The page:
Dinner was at Cafe New Orleans: Country Cajun Cooking. They were a small sports bar, and not very busy on a Monday night, so we got all 29 folks into one room, and a big L-shaped table and we all sat down and ate and drank and talked about our day. The next two days were going to be independent, everyone would do what they liked; but Thursday is going to be the Shed and Friday will likely be Shaggy's. So we took advantage of everyone being in one place at one time. The whole crew was working on at least five different projects, so our days are going to be pretty widespread.
Angie and Mike were working on taping and finishing someone else's sheet rock hanging, filling in all the cracks and then applying tape to all the joints between the sheets. They worked in a house that wasn't exactly square, the floor probably slanted towards the sea.
The food was okay. Both John and I got the Cajun sampler that had a bit of etouffe, creole shrimp, gumbo, and red beans and rice. It was far too much for me to eat, but I ate what I liked. I also got a "stuffed crab" just to see what it was like, and it was almost exactly like my overstuffed shrimp. So I don't have to ordered stuffed seafood anymore. So I'm happy about that. And it was good to taste a little bit of everything, even though I'd known what they were all like, it was kind of neat to try their versions of everything.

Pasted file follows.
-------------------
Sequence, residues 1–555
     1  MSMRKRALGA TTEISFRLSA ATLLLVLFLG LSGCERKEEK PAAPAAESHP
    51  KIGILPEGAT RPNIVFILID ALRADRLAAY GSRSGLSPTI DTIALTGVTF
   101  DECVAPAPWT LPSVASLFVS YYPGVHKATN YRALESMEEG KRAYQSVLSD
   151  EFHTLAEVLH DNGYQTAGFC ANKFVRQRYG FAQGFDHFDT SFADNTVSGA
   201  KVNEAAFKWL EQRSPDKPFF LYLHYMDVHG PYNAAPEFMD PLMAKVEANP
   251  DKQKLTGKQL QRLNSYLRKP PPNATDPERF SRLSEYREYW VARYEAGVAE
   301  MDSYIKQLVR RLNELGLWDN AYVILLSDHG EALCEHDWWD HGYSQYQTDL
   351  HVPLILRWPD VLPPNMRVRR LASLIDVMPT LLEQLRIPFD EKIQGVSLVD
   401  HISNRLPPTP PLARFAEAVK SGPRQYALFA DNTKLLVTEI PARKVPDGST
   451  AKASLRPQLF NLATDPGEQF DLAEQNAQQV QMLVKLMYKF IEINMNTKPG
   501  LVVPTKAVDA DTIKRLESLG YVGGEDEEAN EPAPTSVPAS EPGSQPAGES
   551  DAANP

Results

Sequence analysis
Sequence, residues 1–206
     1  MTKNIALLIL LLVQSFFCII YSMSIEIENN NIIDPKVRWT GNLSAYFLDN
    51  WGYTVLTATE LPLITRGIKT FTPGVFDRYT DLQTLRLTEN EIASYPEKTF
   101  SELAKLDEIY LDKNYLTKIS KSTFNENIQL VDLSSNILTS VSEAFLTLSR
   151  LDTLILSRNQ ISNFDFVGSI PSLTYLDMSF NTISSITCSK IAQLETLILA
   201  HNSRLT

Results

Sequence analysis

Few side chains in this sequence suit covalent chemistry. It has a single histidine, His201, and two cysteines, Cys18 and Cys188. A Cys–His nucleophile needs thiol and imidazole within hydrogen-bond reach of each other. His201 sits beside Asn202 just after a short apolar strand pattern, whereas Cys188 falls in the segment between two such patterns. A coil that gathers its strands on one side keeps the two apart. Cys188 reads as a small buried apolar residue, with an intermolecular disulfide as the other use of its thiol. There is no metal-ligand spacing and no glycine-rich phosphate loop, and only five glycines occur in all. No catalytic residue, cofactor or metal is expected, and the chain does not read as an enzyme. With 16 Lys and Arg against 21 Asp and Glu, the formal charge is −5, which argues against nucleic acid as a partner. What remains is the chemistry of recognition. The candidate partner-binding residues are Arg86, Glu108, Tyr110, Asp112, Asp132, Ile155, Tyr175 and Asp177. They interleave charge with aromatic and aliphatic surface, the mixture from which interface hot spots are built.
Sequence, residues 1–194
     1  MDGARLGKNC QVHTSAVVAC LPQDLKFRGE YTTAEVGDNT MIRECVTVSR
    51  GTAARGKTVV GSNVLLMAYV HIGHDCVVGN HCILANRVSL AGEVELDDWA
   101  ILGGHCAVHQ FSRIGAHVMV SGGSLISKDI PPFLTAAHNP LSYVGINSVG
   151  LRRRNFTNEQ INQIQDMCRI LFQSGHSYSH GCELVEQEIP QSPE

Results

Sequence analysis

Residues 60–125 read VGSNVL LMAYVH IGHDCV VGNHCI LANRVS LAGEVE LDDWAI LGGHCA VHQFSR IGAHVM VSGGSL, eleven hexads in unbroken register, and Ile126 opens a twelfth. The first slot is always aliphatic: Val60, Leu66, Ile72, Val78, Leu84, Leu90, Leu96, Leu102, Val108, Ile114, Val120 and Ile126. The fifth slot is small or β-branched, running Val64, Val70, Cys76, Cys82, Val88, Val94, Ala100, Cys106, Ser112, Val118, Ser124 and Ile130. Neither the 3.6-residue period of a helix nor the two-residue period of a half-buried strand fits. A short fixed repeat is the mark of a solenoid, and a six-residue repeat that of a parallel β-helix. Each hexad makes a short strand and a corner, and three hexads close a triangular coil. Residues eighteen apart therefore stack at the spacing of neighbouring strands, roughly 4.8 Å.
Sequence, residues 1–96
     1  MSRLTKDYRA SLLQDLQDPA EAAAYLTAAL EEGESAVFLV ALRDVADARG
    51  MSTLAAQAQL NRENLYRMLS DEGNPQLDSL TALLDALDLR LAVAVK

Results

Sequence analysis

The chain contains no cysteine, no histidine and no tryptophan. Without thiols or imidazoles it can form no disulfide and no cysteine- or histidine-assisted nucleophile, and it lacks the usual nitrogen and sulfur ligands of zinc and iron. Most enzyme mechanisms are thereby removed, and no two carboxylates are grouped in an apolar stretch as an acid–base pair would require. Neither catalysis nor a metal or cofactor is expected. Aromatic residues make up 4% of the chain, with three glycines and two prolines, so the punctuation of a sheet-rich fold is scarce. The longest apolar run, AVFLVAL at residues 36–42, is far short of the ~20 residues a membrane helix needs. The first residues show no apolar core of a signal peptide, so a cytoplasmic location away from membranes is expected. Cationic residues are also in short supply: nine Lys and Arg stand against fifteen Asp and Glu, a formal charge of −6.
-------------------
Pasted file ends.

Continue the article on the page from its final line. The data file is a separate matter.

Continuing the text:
I also drank two whole glasses of sweet tea. I think I was a little dehydrated, and it helped a lot. We came back to the shores, and I'm just writing. A group went off to a bar to drink and watch basketball and stuff. I decided to catch up a little in my corner. I have a little corner next to my bed where there's a chair, a power outlet, and enough light for my laptop, which is to say not much. I feel nicely isolated in my little corner, and I can just sit and write for a while. So I might get just enough "alone" time to really digest as I go.
I'm sore, but not too sore. I think that tomorrow will start earlier as we know what we're doing, where we're going, and who is going where. There should be no need to reorganize. I really want to finish that bathroom, too. I like finishing what I start.